The US State Department is warning American citizens to “exercise increased caution” when traveling in Mexico due to high levels of crime in the country. You can read the full State Department warning here.
The State Department warning also reminds citizens that US government workers are forbidden to enter certain areas of Mexico — which means that the US government would be hard pressed to reach US citizens in trouble. The warning reads, “The U.S. government has limited ability to provide emergency services to U.S. citizens in many areas of Mexico as U.S. government employees are prohibited from travel to these areas.”
Cancun is not one of the areas that’s off-limits to the US government. The State Department is calling Cancun a “level two” alert, urging US citizens to exercise increased caution but not ordering them to stay away. However, a recent horrific crime in Cancun may discourage many people from traveling to the popular vacation destination.
Here’s what you need to know:
1. Mexican Authorities Say They Have Found Eight Bodies in Cancun This Week Alone
By Wednesday — not even halfway through the week — Mexican authorities were reporting that they had found eight dead bodies dumped on the streets of Cancun. On Tuesday morning, the bodies of a dead man and woman were found stuffed into a taxi in Paseos de Mar. Neither body has been identified.
Also Tuesday, authorities discovered dismembered body parts belonging to two men stuffed in plastic bags
Four other men were found dead in various parts of Cancun. One man was discovered tied up with a gunshot wound. Another man was killed while lying in a hammock, and another man was found shot and covered in a plastic bag. The eighth victim was found in the Tres Reyes neighborhood, decapitated.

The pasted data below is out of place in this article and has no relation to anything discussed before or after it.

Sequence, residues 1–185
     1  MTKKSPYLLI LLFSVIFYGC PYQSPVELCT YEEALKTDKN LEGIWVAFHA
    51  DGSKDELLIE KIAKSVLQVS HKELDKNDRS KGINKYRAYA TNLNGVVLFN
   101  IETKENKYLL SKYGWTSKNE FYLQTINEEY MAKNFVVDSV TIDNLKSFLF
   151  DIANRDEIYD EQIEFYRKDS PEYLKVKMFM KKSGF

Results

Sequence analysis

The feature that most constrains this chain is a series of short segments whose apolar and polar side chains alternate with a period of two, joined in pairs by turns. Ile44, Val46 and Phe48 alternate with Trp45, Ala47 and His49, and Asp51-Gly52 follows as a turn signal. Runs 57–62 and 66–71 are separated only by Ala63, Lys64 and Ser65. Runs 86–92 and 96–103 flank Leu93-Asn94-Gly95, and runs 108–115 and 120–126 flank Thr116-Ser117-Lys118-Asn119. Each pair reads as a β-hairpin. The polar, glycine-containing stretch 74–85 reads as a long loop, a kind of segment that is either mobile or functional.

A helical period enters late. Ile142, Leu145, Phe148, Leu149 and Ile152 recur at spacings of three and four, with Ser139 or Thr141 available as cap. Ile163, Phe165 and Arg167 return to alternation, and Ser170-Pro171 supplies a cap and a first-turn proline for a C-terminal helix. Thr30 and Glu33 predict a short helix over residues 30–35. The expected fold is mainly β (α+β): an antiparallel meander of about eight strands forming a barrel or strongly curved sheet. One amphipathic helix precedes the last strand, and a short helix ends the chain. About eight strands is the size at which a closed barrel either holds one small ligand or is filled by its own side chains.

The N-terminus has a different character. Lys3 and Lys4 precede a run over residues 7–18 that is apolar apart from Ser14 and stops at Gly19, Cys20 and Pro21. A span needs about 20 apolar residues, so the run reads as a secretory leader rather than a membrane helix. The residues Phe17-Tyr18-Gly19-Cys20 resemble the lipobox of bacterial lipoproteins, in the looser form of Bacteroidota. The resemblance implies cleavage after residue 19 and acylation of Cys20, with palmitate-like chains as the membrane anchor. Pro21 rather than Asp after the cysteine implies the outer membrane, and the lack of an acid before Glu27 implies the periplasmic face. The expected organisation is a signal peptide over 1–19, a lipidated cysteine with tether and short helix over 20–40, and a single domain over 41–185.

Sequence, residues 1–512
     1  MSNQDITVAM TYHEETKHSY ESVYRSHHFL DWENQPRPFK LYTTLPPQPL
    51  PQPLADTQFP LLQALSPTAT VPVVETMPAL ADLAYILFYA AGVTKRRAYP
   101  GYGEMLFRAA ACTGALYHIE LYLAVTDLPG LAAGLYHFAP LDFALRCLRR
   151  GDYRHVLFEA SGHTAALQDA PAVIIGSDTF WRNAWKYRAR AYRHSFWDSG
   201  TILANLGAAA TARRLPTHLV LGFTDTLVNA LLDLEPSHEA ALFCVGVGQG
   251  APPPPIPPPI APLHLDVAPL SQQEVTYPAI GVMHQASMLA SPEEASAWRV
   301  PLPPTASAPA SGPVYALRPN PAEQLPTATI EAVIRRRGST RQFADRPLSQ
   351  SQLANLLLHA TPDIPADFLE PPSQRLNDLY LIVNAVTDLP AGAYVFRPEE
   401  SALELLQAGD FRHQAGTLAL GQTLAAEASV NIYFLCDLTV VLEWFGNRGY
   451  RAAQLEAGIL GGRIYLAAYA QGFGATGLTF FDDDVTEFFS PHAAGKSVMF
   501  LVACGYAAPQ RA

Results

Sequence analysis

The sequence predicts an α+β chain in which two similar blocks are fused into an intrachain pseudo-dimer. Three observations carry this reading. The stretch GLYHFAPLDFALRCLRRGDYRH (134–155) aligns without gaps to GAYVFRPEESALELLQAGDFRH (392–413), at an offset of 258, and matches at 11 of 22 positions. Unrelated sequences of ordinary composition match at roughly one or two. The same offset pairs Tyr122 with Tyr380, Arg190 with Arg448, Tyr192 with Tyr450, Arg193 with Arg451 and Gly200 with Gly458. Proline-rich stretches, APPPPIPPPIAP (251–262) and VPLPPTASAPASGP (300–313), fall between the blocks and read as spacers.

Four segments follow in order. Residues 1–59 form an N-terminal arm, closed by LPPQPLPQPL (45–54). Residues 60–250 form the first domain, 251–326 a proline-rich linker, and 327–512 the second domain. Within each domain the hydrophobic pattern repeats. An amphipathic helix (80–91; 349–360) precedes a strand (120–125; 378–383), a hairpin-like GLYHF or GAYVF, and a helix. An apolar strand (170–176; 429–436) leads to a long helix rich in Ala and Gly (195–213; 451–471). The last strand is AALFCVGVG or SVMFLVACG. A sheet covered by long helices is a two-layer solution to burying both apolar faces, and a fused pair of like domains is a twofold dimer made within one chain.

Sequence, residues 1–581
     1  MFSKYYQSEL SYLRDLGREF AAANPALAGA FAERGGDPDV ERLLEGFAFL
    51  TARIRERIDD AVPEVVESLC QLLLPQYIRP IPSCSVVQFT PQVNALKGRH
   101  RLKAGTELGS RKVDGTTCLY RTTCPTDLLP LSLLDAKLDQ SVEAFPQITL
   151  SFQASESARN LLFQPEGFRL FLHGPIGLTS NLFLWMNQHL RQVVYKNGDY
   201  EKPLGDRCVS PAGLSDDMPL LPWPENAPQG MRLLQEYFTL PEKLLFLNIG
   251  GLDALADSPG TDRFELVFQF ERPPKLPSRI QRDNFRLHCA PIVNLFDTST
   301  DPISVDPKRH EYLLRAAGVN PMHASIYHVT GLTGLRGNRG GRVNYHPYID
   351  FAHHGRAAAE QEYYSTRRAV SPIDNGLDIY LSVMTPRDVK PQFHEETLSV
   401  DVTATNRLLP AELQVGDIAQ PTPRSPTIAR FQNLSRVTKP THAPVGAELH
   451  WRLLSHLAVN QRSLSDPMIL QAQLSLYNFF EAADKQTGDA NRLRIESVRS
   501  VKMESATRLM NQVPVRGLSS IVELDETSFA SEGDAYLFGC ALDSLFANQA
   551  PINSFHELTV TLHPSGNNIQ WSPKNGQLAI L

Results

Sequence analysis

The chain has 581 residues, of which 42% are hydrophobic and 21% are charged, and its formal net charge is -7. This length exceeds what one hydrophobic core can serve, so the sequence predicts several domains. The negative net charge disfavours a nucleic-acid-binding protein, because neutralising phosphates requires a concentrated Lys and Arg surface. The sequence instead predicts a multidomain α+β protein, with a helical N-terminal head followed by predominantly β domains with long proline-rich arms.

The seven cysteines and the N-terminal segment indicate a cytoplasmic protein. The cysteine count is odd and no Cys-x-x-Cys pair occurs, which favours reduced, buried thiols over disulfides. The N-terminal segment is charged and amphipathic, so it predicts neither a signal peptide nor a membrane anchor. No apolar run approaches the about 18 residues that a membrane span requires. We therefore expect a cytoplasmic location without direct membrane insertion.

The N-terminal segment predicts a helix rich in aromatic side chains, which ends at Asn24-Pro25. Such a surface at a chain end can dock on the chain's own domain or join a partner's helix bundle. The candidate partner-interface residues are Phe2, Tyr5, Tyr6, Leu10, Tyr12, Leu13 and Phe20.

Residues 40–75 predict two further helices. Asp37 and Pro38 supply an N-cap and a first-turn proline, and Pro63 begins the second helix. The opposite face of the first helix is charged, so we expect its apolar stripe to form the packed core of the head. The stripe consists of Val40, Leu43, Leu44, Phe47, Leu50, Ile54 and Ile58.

2. The State Department Says Quintana Roo State, Where Cancun Is Located, Has Experienced an Uptick in Violent Crimes, Including in Tourist Areas
The State Department is not including Quintana Roo in its list of the most dangerous parts of Mexico. There were some news reporters earlier saying that the State Department had issued the latest travel advisory in response to the violence in Cancun, but the State Department clarified on Thursday that the advisory was issued in response to recent events in Ciudad Juarez.
But the US government is warning that there has been an increase in violent crime in Quintana Roo in recent months. The travel advisory calls on citizens to “exercise increased caution due to crime” when visiting Quintana Roo state.
The warning also reads, “According to Government of Mexico statistics, the state experienced an increase in homicide rates compared to the same period in 2016. While most of these homicides appeared to be targeted, criminal organization assassinations, turf battles between criminal groups have resulted in violent crime in areas frequented by U.S. citizens. Shooting incidents injuring or killing bystanders have occurred.
“There are no restrictions on U.S. government employees for travel in Quintana Roo state, which includes tourist areas such as: Cancun, Cozumel, Playa del Carmen, Tulum, and the Riviera Maya.”
3. The State Department Is Urging US Citizens Not to Travel at All to Tamaulipas State Due to a High Risk of Violent Crime, Kidnapping, and Sexual Assault
Parts of Mexico have received a “level 4” warning from the State Department. This means that the government is urging US citizens not to travel at all to those areas. Tamaulipas State is one of the areas which the State Department is telling citizens not to visit. The warning reads,